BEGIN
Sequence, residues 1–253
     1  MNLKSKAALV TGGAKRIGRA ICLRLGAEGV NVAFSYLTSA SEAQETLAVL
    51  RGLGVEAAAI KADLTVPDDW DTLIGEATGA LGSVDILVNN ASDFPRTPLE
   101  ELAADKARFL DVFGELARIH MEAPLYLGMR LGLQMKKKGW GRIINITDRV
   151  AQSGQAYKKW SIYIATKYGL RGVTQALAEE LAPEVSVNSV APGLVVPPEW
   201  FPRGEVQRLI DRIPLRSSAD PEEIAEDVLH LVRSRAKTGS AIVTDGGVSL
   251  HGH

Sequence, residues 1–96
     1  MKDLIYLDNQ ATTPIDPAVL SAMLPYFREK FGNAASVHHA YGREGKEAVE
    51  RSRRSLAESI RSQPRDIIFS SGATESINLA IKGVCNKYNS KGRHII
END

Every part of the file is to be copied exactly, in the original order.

Sequence, residues 1–253
     1  MNLKSKAALV TGGAKRIGRA ICLRLGAEGV NVAFSYLTSA SEAQETLAVL
    51  RGLGVEAAAI KADLTVPDDW DTLIGEATGA LGSVDILVNN ASDFPRTPLE
   101  ELAADKARFL DVFGELARIH MEAPLYLGMR LGLQMKKKGW GRIINITDRV
   151  AQSGQAYKKW SIYIATKYGL RGVTQALAEE LAPEVSVNSV APGLVVPPEW
   201  FPRGEVQRLI DRIPLRSSAD PEEIAEDVLH LVRSRAKTGS AIVTDGGVSL
   251  HGH

Sequence, residues 1–96
     1  MKDLIYLDNQ ATTPIDPAVL SAMLPYFREK FGNAASVHHA YGREGKEAVE
    51  RSRRSLAESI RSQPRDIIFS SGATESINLA IKGVCNKYNS KGRHII